Wednesday, 01-06-2016 : From Senonches to Chateaudun, c. 50 miles

Today our aim was to visit the Proust Museum in Illiers-Combray, arriving their for the afternoon session at 2.30pm. This, and the fact that it was raining when we woke, made leaving before 11am unnecessary, so I had two cups of coffee in the restaurant after eating about a quarter of a kilo of muesli. All this was very helpful and we left in one of our more solidly awake states. The rain got lighter and for most of today is has only been a light drizzle or mist. Things have started to dry out.

We headed for La Loupe, which means the magnifying glass. Hmmmm, a town called the magnifying glass? Tho’ is became clear that it is named after the river. So it’s a river called magnifying glass. We pushed along through a wooded countryside, especially near Senonches, wooded with lovely big trees rather than the heavily coppiced skinny trees that France often has. A wall of bright green. Spires play a significant role in Proust’s account of Combray, so as we approached Illiers-Combray we looked out for them. In the event the modern water tower and communications mast eclipsed the spire. We got to Illiers-Combray at 2.15pm,  just in time for the afternoon opening.

It’s a great little museum, based in Tante (aunt) Leonie’s house. Descriptions from the books (In Search of Lost Time) evidently come from Proust’s five holidays in his aunt’s house. It was great to see the lamp that projects scenes from a child’s book of French history onto the walls, and there was Tante Leonie’s room with her Vichy Water and prayer book just as in the books! We did a quick stroll around the Guermantes path, and Swann’s path, by the River Loir (no e, it’s not the big one further south), and saw the municipal park that was fictionalised as Swann’s garden. Combray church spire is impressive, and inside it is a barn, with a painted wooden ceiling in a sort of barrel vault. The french visitors looked like they knew their Proust – advancing lots of questions to the their guide and nodding knowingly at literary references. Tante Leonie is probably more loved than the youthful narrator. The picture is, of course, Tante Leonie’s house.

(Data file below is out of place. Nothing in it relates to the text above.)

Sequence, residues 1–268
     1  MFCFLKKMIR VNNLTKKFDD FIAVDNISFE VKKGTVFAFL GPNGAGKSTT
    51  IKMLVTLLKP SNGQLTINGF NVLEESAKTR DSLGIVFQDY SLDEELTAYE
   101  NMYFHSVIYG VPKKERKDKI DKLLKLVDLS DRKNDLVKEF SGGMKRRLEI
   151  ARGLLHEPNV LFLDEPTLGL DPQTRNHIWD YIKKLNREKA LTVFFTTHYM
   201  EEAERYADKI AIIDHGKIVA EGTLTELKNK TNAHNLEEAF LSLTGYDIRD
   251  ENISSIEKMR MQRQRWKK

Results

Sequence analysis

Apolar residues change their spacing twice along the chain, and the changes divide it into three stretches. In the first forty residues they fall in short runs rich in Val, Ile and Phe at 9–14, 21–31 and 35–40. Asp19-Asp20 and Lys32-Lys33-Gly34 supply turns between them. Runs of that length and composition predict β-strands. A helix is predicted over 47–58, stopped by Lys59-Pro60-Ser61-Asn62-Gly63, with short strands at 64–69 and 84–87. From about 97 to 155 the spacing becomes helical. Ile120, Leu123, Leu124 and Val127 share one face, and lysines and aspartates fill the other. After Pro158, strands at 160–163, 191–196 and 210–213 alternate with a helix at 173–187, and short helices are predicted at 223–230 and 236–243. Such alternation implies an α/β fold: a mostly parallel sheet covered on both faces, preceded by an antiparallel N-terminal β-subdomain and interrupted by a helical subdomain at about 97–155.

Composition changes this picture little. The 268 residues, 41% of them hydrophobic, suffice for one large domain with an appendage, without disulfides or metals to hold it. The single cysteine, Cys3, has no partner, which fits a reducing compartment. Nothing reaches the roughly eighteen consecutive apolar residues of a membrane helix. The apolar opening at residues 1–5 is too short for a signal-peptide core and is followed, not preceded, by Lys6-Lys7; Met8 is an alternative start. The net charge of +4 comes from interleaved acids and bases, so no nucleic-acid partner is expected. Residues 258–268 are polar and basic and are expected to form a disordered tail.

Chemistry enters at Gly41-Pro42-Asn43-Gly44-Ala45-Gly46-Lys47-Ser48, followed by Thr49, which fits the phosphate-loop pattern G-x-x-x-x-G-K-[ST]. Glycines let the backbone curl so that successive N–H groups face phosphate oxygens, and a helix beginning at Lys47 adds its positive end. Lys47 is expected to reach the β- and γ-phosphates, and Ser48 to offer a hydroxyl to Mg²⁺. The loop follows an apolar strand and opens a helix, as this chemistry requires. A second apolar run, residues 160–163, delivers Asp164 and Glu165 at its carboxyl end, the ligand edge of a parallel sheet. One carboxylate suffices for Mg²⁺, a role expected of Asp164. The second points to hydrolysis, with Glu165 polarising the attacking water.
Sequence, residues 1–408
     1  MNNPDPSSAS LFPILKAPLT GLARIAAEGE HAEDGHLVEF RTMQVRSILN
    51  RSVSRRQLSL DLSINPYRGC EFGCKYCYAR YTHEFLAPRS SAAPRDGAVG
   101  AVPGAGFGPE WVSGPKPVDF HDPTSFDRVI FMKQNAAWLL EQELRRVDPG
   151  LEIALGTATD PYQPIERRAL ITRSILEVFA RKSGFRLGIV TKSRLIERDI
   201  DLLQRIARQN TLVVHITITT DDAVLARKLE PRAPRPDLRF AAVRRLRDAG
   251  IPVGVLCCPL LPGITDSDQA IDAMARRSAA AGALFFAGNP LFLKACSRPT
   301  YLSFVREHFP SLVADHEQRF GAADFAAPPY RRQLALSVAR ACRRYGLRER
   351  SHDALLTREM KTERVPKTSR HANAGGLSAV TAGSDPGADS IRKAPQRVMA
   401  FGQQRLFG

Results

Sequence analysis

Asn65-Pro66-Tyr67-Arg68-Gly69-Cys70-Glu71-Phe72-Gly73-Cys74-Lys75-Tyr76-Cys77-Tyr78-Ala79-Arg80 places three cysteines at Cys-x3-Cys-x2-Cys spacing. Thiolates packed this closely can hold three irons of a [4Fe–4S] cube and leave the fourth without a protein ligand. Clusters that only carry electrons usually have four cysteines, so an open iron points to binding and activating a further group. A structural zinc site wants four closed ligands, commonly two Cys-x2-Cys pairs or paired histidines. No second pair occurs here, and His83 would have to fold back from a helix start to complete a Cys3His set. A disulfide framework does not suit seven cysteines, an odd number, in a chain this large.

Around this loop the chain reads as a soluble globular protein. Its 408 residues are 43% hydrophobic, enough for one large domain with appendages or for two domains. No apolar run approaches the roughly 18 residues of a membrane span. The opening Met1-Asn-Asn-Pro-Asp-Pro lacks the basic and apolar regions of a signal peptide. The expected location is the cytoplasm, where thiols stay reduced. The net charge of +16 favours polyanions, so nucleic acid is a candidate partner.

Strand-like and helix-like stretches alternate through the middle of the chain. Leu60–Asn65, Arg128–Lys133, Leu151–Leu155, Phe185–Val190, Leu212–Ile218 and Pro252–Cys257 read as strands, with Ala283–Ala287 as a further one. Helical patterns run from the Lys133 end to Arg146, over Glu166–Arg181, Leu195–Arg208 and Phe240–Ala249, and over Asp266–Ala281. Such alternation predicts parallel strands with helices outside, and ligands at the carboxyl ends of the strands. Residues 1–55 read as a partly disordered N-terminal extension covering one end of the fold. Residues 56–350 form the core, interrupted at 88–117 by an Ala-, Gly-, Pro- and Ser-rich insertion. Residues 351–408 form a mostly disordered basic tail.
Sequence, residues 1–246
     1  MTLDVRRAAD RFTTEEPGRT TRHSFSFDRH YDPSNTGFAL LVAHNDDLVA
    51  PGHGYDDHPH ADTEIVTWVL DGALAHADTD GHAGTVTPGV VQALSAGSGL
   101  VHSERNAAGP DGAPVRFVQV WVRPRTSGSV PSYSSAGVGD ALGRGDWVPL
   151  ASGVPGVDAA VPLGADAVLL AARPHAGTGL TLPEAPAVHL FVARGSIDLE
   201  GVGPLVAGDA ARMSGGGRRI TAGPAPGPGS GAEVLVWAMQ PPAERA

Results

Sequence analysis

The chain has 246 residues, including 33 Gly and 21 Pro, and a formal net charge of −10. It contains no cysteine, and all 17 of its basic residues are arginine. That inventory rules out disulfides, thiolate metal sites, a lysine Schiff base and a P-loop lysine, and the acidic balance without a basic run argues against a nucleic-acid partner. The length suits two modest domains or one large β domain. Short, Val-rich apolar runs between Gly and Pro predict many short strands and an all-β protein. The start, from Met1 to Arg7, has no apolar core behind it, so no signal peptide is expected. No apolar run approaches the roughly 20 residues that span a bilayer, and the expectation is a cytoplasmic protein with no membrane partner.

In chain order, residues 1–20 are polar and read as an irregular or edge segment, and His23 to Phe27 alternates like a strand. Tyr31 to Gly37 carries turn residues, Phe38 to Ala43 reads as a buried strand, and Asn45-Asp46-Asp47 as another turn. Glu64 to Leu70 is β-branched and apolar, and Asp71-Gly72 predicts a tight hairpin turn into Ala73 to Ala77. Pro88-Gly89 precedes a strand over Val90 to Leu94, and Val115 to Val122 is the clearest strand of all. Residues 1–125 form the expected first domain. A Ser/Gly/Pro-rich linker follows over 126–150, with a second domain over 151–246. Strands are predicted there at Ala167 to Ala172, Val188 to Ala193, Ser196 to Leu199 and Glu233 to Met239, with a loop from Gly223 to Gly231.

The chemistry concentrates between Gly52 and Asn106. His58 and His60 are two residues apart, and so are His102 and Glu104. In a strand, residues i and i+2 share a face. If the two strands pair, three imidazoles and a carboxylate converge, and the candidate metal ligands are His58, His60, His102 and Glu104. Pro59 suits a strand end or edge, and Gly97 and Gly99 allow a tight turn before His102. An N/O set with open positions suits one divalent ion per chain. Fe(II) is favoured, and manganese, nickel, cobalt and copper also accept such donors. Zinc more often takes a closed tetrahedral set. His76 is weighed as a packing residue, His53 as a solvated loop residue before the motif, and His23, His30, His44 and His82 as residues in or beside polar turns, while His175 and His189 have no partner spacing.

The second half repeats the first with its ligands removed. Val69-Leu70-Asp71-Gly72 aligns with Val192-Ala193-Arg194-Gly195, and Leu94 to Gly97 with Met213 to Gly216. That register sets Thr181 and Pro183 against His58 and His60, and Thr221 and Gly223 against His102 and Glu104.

After Illiers-Combray, we were, of course, running a bit late and we rushed on through Dangeau at such a speed that we missed our turning and ended up at a horribly over trafficked Marboue via the D361.5 and D361. We then followed cycle route signs into Chateaudun, since the main road (N10 but it goes right theough the middle of poor little Marboue) is nose to tail juggernauts, which predictably led us a very circuitous route, dumping us in the sink estates of Chateaudun. It was difficult to find the town centre – the town is divided into an historic bit around the river and some grungey and extensive areas of unpleasant flats, some evidently vandalised. After three attempts when we found we were heading out of town, indeed left the city limits and could see the ring road growling softly in the distance, we finally found the nice bit and reached the campsite, but it was 7pm and the shops were shutting or shut. So we ate at a decent pizza place (Vesuve) – bit salad and a big pizza. And we had a brief moment in the common room here at the camping municipale, with free wifi, but it closes at 10pm so once again we were a bit late. We are both reading our books and trying not to notice that the rain has started pitter pattering on the tent.

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